Our American King
It has been 160 years since Abraham Lincoln issued the Emancipation Proclamation on Jan. 1, 1863, which, in theory, guaranteed freedom to more than 3.5 million enslaved people.
However, in the years following the issuance of the Emancipation Proclamation, atrocities against Black Americans continued for decades and often at the hands of those elected and/or hired to serve and protect all Americans.
While many continued to fight for justice and equal treatment of all Americans, an American King began promoting social change through nonviolence and civil disobedience. One hundred years following the Emancipation Proclamation, Martin Luther King Jr. in 1963 helped organize nonviolent protests in Birmingham, Alabama, and later was one of the leaders of the now-famous March on Washington where he delivered his “I have a dream” speech at the Lincoln Memorial. In 1964, King was awarded the Nobel Peace Prize for his efforts to achieve racial equality.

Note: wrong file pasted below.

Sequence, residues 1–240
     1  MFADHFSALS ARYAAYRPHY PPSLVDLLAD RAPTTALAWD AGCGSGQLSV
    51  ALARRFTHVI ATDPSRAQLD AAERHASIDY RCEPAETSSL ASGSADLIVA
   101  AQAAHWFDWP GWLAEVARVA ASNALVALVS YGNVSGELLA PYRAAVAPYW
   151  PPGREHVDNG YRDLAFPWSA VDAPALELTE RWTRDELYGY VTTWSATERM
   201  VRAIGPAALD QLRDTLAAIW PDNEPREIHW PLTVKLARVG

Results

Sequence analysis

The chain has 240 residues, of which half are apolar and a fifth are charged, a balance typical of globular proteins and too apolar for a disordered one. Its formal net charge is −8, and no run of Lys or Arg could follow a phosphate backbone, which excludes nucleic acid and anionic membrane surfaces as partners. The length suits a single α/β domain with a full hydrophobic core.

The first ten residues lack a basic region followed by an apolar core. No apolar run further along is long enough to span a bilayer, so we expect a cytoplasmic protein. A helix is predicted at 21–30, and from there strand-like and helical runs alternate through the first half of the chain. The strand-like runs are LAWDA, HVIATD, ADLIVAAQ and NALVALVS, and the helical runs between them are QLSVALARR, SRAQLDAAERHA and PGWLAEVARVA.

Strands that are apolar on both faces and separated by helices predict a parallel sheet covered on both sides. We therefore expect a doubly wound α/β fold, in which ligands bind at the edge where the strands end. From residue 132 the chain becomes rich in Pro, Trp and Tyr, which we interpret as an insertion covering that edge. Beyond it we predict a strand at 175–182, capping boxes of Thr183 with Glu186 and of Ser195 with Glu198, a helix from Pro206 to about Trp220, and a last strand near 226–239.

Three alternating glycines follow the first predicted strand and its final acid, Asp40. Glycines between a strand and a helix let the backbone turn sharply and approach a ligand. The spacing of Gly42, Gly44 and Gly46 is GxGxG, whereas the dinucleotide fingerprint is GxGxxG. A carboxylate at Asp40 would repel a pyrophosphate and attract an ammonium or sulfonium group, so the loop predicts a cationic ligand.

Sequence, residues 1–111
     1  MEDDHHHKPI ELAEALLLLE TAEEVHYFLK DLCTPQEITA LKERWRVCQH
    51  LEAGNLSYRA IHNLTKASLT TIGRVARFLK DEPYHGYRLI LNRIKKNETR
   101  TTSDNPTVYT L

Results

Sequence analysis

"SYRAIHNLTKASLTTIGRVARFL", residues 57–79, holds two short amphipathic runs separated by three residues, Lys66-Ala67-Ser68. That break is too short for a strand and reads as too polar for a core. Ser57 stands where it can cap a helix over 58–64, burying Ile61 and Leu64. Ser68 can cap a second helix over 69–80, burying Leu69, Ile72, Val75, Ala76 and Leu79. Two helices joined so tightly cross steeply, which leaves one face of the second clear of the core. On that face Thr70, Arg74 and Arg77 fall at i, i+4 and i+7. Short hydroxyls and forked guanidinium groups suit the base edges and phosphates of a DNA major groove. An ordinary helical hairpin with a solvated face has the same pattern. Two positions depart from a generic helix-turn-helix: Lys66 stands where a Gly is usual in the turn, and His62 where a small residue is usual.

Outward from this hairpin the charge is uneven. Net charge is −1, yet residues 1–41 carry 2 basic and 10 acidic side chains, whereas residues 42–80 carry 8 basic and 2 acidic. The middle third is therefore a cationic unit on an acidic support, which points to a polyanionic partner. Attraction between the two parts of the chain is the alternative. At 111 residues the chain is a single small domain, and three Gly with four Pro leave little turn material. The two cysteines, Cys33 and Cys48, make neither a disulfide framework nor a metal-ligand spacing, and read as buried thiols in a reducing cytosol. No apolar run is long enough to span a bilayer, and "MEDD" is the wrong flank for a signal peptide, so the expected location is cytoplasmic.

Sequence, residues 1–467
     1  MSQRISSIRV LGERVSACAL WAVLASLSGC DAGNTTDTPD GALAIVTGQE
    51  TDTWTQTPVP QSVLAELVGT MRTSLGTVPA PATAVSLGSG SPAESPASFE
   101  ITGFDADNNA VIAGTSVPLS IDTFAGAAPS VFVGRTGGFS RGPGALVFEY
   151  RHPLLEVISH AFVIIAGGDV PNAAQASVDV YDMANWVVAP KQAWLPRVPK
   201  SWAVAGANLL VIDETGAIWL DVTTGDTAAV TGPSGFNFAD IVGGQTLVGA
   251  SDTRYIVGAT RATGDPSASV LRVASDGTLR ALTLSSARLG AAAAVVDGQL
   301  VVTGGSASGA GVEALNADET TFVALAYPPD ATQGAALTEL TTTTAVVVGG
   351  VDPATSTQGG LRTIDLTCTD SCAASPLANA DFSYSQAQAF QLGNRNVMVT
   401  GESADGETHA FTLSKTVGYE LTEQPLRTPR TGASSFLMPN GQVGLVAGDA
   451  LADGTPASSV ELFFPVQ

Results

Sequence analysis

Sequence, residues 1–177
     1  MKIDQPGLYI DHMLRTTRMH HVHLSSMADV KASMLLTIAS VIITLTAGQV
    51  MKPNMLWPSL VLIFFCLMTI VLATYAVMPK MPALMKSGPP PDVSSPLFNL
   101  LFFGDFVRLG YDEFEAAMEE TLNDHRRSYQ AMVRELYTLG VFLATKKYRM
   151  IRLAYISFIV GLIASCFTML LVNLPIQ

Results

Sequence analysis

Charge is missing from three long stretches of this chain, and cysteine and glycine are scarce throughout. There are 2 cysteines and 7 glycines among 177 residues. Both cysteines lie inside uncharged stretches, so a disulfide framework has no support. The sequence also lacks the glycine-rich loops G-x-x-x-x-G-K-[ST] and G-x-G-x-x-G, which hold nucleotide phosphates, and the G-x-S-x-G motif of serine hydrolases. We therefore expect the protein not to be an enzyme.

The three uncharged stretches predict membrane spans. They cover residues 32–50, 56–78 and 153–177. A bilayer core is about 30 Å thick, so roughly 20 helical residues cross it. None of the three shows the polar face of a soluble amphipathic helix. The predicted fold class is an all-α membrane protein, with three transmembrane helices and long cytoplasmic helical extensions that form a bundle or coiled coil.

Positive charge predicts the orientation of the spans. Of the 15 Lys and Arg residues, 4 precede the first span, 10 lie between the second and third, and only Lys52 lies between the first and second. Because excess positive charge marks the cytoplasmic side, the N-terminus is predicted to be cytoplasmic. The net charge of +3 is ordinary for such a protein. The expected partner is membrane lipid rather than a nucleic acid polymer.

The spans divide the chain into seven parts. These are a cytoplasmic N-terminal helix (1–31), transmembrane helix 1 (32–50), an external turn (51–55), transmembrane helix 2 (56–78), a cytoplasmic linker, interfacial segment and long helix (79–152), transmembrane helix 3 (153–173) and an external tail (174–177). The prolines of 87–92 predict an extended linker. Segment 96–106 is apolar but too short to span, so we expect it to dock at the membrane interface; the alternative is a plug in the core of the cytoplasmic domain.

Though America has never been ruled by a monarchy nor have we had royal families, we have had a King that by most assessments did more to further the civil rights movement than anyone else.
As our nation pauses on Monday, Jan. 16, to honor the life and legacy of King, we should all be grateful for our American King who likely did more to advance rights for all than any king in the history of the world.